BMW has collaborated with Osram to develop a new cutting-edge LED technology for the BMW M8 GT8’s headlights that is not only high range, but also capable of illuminating the entire with of the track. This innovative light technology will make its debut at the 24 Hours of Le Mans where the new BMW M8 GTE will be competing in the FIA World Endurance Championship series and it is the first time the light system has been specifically developed for motorsport.
Speaking of first time, the BMW M8 GTE is the first racing car in the history of BMW Motorsport to see action before the production counterpart. The new light tech is built by custom-design specialist GERG Lighthouse based closely on the design of the BMW 8 Series Coupe production model (which is part of the requirement, btw).
In addition to the main headlights, auxiliary lights featuring LED technology are in place to light up the corner entries. Here are some interesting bits about this light technology:
- In all, there are six 3-chip version “Oslon Black Flat S” LEDs from Osram on each headlight
- Auxiliary headlights are Olstar Headlamp
- Headlights housing for both main and auxiliary headlights are of carbon fiber – even the reflectors are carbon fiber coated with chrome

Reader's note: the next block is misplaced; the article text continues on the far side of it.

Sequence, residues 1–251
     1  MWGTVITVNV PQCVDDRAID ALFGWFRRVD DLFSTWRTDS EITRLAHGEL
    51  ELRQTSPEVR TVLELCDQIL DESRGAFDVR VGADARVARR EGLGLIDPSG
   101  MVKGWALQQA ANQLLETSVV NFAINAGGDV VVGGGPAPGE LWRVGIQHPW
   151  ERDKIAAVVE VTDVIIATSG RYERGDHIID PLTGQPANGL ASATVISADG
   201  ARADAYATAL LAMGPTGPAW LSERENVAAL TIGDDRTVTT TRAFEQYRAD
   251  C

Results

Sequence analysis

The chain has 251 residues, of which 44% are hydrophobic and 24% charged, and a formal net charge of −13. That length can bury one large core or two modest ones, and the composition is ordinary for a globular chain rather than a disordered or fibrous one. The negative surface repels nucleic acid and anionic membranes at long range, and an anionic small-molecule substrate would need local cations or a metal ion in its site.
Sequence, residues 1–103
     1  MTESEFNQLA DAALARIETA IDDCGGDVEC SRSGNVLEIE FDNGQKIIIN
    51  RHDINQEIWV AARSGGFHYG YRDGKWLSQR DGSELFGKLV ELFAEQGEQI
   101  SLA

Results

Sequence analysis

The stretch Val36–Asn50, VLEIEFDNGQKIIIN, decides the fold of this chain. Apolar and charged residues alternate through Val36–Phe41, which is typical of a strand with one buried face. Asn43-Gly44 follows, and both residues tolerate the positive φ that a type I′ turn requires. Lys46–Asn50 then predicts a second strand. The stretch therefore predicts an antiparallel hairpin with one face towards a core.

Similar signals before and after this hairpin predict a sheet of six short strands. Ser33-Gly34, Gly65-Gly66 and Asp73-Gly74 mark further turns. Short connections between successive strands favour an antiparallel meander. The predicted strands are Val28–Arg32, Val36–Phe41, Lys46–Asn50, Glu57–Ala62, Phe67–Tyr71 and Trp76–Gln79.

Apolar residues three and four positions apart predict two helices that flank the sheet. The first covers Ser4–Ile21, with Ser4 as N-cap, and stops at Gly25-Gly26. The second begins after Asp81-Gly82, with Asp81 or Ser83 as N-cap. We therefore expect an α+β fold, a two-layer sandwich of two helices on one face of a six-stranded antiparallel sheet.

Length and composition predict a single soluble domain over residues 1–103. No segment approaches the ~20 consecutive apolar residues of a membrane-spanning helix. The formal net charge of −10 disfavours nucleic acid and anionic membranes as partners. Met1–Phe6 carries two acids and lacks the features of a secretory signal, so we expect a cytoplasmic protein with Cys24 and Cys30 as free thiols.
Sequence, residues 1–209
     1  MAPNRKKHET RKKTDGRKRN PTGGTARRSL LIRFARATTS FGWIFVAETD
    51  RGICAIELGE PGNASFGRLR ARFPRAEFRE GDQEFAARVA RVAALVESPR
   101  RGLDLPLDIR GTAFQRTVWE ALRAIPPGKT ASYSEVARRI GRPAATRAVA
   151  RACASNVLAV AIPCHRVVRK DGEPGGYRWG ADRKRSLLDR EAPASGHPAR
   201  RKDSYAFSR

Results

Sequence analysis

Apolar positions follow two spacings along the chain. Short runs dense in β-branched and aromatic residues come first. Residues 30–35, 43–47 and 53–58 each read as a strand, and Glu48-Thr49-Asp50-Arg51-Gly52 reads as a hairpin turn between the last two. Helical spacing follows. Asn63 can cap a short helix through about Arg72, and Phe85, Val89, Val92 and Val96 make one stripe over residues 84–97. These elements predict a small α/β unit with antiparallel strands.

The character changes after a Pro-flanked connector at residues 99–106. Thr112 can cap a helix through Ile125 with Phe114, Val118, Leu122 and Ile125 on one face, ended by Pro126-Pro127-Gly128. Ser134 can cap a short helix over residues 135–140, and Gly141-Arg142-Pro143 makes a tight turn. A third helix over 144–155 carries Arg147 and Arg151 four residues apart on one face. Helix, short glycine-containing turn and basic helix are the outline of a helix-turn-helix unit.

- The iconic circular lights are two LED rings that serve as daytime running light and double as indicators
- Additive Manufacturing 3D printing techniques were used to product the cooling elements and headlight housing
- A set of four headlights can be made in just 72 hours
For the uninitiated, the lights on the Le Mans race cars are normally full beam. In other words, it is full beam by default and flashing is through dimming as opposed to regular road car where normally low beam and flashing is by, well, momentarily flicking the high beam. This dim function is linked to the put speed limiter, so when the race car enters the pit stops, the lights will automatically dimmed so as not blind the pit stops crew.
There are more lights used in the cockpit too, including those on the buttons on the steering wheel and control panel. Interestingly, the illumination on the buttons are infinitely variable so the brightness can be adjusted to suit the driver’s preference.
All images courtesy of BMW AG.